Electrical Safety

Electrical codes are wiring safety codes which are used to protect people and buildings from hazards such as electrical shocks and fire. Electrical codes were first noted in the 1880s together with the commercial introduction of electrical power. During that time, there was a problem with wire sizes, specifically with regard to the design that should be used in an electrical installation.

The first of all the codes in the United States was created in New York in 1881 for the purpose of regulating installations of electrical lighting. At present, the National Electrical Code is used in the buildings in United States for their protection and safety (Electrical Safety Foundation International [ESFI], 2007). Recognized Product Safety Testing Electrical products should undergo product safety tests in order to be used in an electrical installation procedure or before it should be used by a person.

Electrical products should have the mark of certain independent testing laboratories such as CSL, UL, MET, or ETL labs. The said laboratories are recognized by the Electrical Safety Foundation International (ESFI). If certain products do not have the mark of the said laboratories, then the product is substandard, rendering it useless in any electrical procedure and hazardous to anyone (ESFI, 2007). National Electrical Safety Foundation

The National Electrical Safety Foundation (NESF), currently known as Electrical Safety Foundation International (ESFI), was founded through the joint effort of the National Electrical Manufacturers Association (NEMA) and the Consumer Product Safety Commission (CPSC) for the sole purpose of reducing electrically related deaths and injuries by informing the public about electrical safety and giving them tools to prevent electrical accidents (ESFI, 2007). Recognizing Typical Electrical Hazards Electricity is a major hazard that one must not neglect.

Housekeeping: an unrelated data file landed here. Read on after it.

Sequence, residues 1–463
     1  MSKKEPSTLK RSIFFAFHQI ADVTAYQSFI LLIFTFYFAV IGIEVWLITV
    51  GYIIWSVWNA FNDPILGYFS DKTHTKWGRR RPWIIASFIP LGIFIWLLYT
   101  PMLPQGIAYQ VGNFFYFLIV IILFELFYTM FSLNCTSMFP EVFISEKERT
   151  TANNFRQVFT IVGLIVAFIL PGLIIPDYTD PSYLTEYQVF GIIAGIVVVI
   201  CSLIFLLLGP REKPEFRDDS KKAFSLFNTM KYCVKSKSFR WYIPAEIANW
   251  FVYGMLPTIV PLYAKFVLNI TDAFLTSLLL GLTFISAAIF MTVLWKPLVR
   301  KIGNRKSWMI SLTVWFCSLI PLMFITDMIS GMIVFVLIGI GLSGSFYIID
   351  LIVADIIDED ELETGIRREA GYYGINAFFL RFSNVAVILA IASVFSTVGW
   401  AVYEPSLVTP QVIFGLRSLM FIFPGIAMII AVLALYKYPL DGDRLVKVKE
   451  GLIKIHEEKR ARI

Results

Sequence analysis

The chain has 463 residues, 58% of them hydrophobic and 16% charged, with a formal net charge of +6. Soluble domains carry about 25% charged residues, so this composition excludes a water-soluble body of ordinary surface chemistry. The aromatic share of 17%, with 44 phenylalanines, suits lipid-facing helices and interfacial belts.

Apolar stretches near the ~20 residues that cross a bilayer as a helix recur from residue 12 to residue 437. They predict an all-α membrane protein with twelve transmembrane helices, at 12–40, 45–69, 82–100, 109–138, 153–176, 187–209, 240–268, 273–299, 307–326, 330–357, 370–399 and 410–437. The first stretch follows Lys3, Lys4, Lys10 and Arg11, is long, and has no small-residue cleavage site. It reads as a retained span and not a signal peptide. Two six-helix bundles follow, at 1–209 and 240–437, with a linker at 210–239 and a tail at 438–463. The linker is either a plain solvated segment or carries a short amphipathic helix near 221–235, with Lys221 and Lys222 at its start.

Some of the hazards that electricity has brought include electrocution, electric shocks, burns, fires, and explosions (Chao, 2005). Some electrical hazards can be easily recognized with the use of simple inspection, while others may need help from a professional who is knowledgeable in order for the hazards to be recognized. Awareness and management of the electrical hazards is the key to recognize electrical hazards (Bolmen, 1998). Addressing Electrical Safety Problems Electrical safety problems are the ones responsible for the electrical hazards that are happening today.

Certain organizations and government institutions are created in order to resolve these problems. Nevertheless, the real problem is the ignorance of the people when it comes to electrical safety. This ignorance can be resolved by educating the people of the importance of electrical safety.


Bolmen, R. (1998). Semiconductor Safety Handbook Safety and Health in the Semiconductor Industry. Westwood, N. J. Noyes Publications. Chao, E. (2005, July 29). Controlling electrical hazards. Occupational Safety & Health Administrations.

Retrieved January 29, 2009 from http://www. osha. gov/Publications/3075. html Electrical Safety Foundation International (ESFI). (2007). The Electrical Safety Foundation: An In-depth Look. Retrieved January 29, 2009 from http://www. esfi. org/cms/files/u1/ESFi_WHOisESFI_MRplug_2__August07. pdf Electrical Safety Foundation International (ESFI). (2007). What Should I know About Electrical Products and Workplace Safety?. Retrieved January 29, 2009 from http://esfi. org/cms/node/29#homeelectrical